John Floyer (physician)

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John Floyer
John Floyer cropped from Wellcome L0004264.jpg
John Floyer. Credit: Wellcome Library
Born3 March 1649
Hints, Staffordshire, England
Died1 February 1734 (1734-03) (aged 84)
EducationUniversity of Oxford
OccupationPhysician, author
Spouse(s)Mary Fleetwood
ChildrenJohn Floyer
Parent(s)Richard Floyer
Elizabeth Babington

Sir John Floyer (3 March 1649 – 1 February 1734) was an English physician and author.

Early life[edit]

John Floyer was born on 3 March 1649. He was the third child and second son of Elizabeth Babington and Richard Floyer, of Hints Hall, a since demolished country house. Hints is a quiet village lying a short distance from Lichfield in Staffordshire.[1] He was educated at the University of Oxford.

Career[edit]

He practised in Lichfield, and it was by his advice that Dr Johnson, when a child, was taken by his mother to be touched by Queen Anne for the king's evil on 30 March 1714. As a physician, Floyer was best known for introducing the practice of pulse rate measurement, and creating a special watch for this purpose. He was an advocate of cold bathing, and gave an early account of the pathological changes in the lungs associated with emphysema.

Personal life[edit]

Floyer was married to Mary Fleetwood of Lichfield, a widow, in April 1680.[2] Their son John Floyer (c.1681–1762) was a Tory Member of Parliament for Tamworth from 1741 to 1742.[3]

He died on 1 February 1734.

Bibliography[edit]

  • Pharmako-Basanos: or the Touchstone of Medicines, discovering the virtues of Vegetables, Minerals and Animals, by their Tastes and Smells (2 vols, 1687)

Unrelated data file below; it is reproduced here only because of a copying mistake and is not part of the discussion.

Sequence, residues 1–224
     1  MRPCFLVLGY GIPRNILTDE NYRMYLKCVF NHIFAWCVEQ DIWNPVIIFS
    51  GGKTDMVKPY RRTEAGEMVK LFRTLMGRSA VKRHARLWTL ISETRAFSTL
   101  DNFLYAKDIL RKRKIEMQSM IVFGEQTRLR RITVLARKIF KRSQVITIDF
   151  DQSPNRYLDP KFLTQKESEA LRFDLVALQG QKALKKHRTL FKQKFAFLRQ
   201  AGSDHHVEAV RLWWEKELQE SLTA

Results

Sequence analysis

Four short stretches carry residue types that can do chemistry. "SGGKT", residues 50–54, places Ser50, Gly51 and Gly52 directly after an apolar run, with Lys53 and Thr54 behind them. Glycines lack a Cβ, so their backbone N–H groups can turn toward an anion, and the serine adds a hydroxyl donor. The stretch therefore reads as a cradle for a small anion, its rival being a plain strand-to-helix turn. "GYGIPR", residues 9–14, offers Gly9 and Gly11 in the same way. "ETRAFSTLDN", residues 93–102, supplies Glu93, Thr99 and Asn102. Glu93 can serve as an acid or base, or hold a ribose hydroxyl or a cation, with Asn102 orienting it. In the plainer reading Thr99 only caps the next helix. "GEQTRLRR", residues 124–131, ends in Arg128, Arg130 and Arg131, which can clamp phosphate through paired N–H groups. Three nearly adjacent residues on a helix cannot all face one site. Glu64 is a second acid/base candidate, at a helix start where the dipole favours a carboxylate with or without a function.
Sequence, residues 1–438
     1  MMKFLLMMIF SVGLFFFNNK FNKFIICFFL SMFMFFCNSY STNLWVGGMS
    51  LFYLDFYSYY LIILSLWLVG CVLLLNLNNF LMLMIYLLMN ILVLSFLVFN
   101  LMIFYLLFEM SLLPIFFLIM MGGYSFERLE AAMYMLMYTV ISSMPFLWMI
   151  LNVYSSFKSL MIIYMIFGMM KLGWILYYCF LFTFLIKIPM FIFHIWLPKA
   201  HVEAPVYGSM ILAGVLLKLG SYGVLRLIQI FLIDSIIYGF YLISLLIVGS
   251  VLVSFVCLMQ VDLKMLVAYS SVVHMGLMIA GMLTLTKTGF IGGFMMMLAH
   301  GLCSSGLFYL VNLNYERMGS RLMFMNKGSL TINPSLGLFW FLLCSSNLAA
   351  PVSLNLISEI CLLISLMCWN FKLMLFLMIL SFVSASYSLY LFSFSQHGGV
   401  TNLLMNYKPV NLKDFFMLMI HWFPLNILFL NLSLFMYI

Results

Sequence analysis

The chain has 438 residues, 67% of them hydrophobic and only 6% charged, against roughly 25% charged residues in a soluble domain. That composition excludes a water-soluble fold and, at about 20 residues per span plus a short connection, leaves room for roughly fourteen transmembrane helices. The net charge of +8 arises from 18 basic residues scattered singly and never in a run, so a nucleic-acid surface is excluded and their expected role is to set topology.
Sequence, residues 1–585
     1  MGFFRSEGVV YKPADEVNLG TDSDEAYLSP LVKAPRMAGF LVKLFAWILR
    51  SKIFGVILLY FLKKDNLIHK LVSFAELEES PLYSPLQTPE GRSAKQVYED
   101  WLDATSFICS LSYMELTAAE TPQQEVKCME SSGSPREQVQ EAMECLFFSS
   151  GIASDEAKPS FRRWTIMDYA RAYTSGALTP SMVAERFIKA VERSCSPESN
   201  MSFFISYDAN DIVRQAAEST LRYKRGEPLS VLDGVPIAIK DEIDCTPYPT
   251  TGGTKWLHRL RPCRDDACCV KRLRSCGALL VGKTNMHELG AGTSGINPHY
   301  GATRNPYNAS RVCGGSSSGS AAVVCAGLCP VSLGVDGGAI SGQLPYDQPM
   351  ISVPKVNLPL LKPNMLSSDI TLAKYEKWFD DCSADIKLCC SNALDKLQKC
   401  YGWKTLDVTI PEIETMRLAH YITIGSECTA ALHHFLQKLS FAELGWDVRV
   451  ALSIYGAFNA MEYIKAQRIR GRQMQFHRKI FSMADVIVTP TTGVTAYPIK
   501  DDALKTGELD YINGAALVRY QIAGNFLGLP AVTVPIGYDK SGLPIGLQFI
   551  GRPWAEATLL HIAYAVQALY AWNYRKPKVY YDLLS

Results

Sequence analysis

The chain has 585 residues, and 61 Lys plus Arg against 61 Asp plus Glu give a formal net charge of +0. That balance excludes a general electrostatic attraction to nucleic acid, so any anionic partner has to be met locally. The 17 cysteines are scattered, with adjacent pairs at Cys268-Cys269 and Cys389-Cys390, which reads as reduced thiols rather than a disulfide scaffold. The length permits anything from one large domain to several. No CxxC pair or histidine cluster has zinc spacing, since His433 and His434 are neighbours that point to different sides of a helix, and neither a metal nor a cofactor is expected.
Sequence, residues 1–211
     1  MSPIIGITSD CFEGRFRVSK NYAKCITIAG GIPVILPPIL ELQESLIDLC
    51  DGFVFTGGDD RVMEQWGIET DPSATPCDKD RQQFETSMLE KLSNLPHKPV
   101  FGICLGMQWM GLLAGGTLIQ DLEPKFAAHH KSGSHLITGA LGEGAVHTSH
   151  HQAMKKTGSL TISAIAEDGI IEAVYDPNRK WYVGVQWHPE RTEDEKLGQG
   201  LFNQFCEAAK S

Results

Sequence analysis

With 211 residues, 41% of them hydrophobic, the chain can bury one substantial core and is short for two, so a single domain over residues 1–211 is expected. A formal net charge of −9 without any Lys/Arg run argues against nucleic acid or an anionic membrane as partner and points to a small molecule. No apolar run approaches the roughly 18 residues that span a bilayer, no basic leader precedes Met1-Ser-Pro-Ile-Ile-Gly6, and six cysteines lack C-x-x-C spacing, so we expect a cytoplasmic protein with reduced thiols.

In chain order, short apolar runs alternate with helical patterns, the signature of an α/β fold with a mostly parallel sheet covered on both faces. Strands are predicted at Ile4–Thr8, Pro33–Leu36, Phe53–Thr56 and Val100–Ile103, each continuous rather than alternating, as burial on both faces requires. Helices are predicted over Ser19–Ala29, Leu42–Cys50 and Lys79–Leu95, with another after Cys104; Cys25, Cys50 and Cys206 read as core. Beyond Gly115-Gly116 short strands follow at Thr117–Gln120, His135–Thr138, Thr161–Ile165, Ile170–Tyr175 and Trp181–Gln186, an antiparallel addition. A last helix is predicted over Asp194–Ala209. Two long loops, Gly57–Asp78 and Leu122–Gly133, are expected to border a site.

• The praeternatural State of animal Hurnours described by their sensible Qualities (1696)
  • An Enquiry into the right Use and Abuses of the hot, cold and temperate Baths in England (1697)
  • A Treatise of the Asthma (1st ed., 1698)
  • The ancient psychrolousia revived, or an Essay to prove cold bathing both safe and useful (London, 1702; several editions 8vo; abridged, Manchester, 1844, 12mo) See online version below.
    • John Floyer & Edward Baynard (1715). Psychrolousia. Or, the History of Cold Bathing: Both Ancient and Modern. In Two Parts. The First, written by Sir John Floyer, of Litchfield. The Second, treating the genuine life of Hot and Cold Baths..(exceedingly long subtitles) By Dr. Edward Baynard. London: William Innys. Fourth Edition, with Appendix. Retrieved 22 October 2009. Full text at Internet Archive (archive.org)
  • The Physician's Pulse-watch (1707–1710)
  • The Sibylline Oracles, translated from the best Greek copies, and compared with the sacred Prophecies. London: J.Nicholson. 1713. Retrieved 22 October 2009. Full text at Internet Archive (archive.org)
  • Two Essays:... London. 1717. Retrieved 22 October 2009. Full text at Internet Archive (archive.org)
    • the first Essay concerning the Creation, Aetherial Bodies, and Offices of good and bad Angels
    • the second Essay concerning the Mosaic System of the World (Nottingham, 1717)
  • An Exposition of the Revelations (1719)
  • An Essay to restore the Dipping of Infants in their Baptism (1722)
  • Medicina Gerocomica, or the Galenic Art of preserving old Men's Healths (1st ed., 1724)
  • A Comment on forty-two Histories described by Hippocrates (1726).

Notes[edit]

  1. ^ Sir John Floyer, M
  2. ^ Alumni Oxonienses: The Members of the University of Oxford, 1500–1714, Vol. II, Joseph Foster, Parker and Co., Oxford, 1891
  3. ^ Sedgwick, Romney R. (1970). R. Sedgwick (ed.). "FLOYER, John (c.1681–1762), of Hints Hall, nr. Tamworth, Staffs". The History of Parliament: the House of Commons 1715–1754. Boydell and Brewer. Retrieved 26 June 2014.

References[edit]

External links[edit]